Illumination Initiative Lights Up Iconic Downtown Buildings
Syracuse is renowned for winter, but this season the city is shining a little brighter, thanks to an illumination initiative by the Connective Corridor focused on lighting iconic buildings and public spaces along the recently completed streetscape.
The “Corridor of Light” illumination project is part of the Connective Corridor’s façade improvement and public art program, funded through grants from Empire State Development. The focus of the project has been both aesthetics and energy reduction through efficient high-quality LED lighting units that can also easily be upgraded to keep pace with the rapid evolution of lighting technology, permitting additional savings.
“Illumination has been a literal and metaphorical theme of the Connective Corridor—from innovative lighting projects that highlight the city’s iconic architecture, to urban streetscape projects that activate Syracuse as a more vibrant place to live, work and visit,” says Linda Dickerson Hartsock, who manages the Connective Corridor for the Syracuse University Office of Community Engagement and Economic Development. “Intelligent LED lighting systems help create sustainable smart cities, as they also enliven outdoor public spaces, buildings, parks and art works.”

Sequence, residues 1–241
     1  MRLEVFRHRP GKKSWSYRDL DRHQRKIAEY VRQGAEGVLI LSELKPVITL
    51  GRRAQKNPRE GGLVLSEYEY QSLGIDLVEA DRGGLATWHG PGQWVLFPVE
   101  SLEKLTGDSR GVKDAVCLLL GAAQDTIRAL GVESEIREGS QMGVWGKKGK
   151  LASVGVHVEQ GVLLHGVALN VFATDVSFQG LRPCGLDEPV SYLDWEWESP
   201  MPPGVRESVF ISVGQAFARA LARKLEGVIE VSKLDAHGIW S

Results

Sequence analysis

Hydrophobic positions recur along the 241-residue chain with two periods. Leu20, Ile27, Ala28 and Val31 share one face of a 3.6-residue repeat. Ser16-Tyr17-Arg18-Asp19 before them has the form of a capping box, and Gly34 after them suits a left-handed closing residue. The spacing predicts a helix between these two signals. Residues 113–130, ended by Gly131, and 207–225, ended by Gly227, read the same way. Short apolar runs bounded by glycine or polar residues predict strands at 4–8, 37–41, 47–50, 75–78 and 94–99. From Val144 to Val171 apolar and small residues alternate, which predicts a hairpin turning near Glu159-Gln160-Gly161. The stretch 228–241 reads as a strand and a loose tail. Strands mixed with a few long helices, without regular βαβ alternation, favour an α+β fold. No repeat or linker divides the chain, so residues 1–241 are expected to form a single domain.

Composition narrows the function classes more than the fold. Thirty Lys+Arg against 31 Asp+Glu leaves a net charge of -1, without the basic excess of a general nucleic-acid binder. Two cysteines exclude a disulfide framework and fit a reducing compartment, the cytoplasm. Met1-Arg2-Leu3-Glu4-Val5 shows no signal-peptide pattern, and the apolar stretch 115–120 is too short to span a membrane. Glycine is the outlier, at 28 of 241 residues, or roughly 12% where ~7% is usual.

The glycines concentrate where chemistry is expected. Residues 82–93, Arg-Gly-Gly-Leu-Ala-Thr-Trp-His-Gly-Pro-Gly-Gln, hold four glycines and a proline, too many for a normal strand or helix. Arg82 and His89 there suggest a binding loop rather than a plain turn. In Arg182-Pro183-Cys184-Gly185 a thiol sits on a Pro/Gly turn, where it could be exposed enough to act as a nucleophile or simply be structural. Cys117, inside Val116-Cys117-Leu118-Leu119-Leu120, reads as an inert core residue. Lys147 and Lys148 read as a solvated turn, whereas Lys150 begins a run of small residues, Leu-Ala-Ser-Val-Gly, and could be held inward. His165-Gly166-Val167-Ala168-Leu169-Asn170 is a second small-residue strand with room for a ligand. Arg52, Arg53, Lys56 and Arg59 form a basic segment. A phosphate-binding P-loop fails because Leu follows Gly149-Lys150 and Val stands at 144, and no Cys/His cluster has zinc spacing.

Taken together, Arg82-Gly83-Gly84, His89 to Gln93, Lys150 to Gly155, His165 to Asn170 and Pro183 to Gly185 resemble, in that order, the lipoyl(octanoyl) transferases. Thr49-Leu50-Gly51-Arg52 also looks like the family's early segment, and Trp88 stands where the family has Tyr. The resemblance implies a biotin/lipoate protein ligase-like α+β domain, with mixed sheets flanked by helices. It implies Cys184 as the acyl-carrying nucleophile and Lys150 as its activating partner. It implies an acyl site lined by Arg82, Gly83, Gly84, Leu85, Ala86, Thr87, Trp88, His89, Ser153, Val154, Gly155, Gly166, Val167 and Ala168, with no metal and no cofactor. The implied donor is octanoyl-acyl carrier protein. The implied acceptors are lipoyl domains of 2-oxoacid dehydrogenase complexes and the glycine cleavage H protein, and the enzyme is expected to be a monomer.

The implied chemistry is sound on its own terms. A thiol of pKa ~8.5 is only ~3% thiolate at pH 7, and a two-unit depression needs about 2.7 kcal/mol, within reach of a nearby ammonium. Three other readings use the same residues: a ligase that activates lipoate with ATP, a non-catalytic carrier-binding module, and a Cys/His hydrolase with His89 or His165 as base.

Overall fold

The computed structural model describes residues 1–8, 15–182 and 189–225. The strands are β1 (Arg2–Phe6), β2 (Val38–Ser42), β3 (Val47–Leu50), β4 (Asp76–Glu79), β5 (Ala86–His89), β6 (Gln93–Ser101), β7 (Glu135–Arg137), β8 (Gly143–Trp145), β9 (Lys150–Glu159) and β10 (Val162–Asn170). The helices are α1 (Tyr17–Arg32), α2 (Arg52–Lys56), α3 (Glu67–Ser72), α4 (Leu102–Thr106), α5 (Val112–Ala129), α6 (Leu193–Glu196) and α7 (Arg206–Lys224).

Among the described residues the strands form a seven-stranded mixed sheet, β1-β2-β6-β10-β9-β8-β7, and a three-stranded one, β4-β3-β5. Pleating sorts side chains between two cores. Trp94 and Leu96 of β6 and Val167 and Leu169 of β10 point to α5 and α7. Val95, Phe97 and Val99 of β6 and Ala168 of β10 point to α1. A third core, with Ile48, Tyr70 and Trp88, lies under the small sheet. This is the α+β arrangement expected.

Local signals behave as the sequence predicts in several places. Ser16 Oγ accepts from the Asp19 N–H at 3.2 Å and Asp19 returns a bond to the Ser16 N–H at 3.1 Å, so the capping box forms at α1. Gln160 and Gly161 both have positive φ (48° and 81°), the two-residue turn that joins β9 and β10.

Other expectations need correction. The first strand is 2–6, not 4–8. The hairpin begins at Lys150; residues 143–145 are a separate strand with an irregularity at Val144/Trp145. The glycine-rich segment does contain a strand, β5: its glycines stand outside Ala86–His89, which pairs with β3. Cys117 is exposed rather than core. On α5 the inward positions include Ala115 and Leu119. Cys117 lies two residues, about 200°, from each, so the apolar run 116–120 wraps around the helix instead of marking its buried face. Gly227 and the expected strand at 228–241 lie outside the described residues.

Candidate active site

Lighting projects already completed as a part of the Connective Corridor facade improvement program include:
• The Milton J. Rubenstein Museum of Science & Technology (MOST) illuminated its turret tower.
• Saint Paul’s Episcopal Church illuminated its iconic spire.
• The Parkview Hotel replaced its iconic rooftop sign with state-of-the-art LED lighting.
• Reid Hall and Peck Hall at 601 E. Genesee St. implemented landscape and architectural accent lighting.
• Presidential Plaza at 600 E. Genesee St. implemented new exterior façade lighting.
• Synapse Erie Canal Buildings at 325 E. Water St. and 333-335 E. Water St. refurbished its historic lighting, and installed new exterior façade lighting.
• Kenny & Kenny at 315 W. Fayette St. refurbished its exterior historic lighting.
• Lemp Jewelers at South Warren and West Fayette streets installed enhanced exterior lighting.